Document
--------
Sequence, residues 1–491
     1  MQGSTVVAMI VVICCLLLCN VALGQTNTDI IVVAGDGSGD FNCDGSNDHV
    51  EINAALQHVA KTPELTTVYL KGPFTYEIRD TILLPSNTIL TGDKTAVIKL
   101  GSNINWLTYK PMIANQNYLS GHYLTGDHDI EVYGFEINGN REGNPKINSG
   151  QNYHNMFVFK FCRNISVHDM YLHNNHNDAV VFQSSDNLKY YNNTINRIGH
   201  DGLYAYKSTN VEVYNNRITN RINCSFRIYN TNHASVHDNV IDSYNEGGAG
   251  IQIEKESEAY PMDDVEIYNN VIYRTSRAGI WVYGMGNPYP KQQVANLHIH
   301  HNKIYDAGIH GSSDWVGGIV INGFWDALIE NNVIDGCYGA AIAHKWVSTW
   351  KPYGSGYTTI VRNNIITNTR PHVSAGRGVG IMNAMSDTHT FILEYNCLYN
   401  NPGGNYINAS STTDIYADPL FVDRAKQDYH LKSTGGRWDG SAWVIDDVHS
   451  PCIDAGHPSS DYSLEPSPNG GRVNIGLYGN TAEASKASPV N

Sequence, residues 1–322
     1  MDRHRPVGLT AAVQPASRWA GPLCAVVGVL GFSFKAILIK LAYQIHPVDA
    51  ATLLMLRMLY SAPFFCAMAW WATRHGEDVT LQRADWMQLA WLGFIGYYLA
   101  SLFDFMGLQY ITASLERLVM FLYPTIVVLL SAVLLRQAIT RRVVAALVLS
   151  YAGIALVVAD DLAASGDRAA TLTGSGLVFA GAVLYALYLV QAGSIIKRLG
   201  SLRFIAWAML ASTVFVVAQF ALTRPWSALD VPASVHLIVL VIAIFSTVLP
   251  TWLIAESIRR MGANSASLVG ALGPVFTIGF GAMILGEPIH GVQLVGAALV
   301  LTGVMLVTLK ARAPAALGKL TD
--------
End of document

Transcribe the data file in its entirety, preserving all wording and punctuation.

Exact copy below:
Sequence, residues 1–491
     1  MQGSTVVAMI VVICCLLLCN VALGQTNTDI IVVAGDGSGD FNCDGSNDHV
    51  EINAALQHVA KTPELTTVYL KGPFTYEIRD TILLPSNTIL TGDKTAVIKL
   101  GSNINWLTYK PMIANQNYLS GHYLTGDHDI EVYGFEINGN REGNPKINSG
   151  QNYHNMFVFK FCRNISVHDM YLHNNHNDAV VFQSSDNLKY YNNTINRIGH
   201  DGLYAYKSTN VEVYNNRITN RINCSFRIYN TNHASVHDNV IDSYNEGGAG
   251  IQIEKESEAY PMDDVEIYNN VIYRTSRAGI WVYGMGNPYP KQQVANLHIH
   301  HNKIYDAGIH GSSDWVGGIV INGFWDALIE NNVIDGCYGA AIAHKWVSTW
   351  KPYGSGYTTI VRNNIITNTR PHVSAGRGVG IMNAMSDTHT FILEYNCLYN
   401  NPGGNYINAS STTDIYADPL FVDRAKQDYH LKSTGGRWDG SAWVIDDVHS
   451  PCIDAGHPSS DYSLEPSPNG GRVNIGLYGN TAEASKASPV N

Sequence, residues 1–322
     1  MDRHRPVGLT AAVQPASRWA GPLCAVVGVL GFSFKAILIK LAYQIHPVDA
    51  ATLLMLRMLY SAPFFCAMAW WATRHGEDVT LQRADWMQLA WLGFIGYYLA
   101  SLFDFMGLQY ITASLERLVM FLYPTIVVLL SAVLLRQAIT RRVVAALVLS
   151  YAGIALVVAD DLAASGDRAA TLTGSGLVFA GAVLYALYLV QAGSIIKRLG
   201  SLRFIAWAML ASTVFVVAQF ALTRPWSALD VPASVHLIVL VIAIFSTVLP
   251  TWLIAESIRR MGANSASLVG ALGPVFTIGF GAMILGEPIH GVQLVGAALV
   301  LTGVMLVTLK ARAPAALGKL TD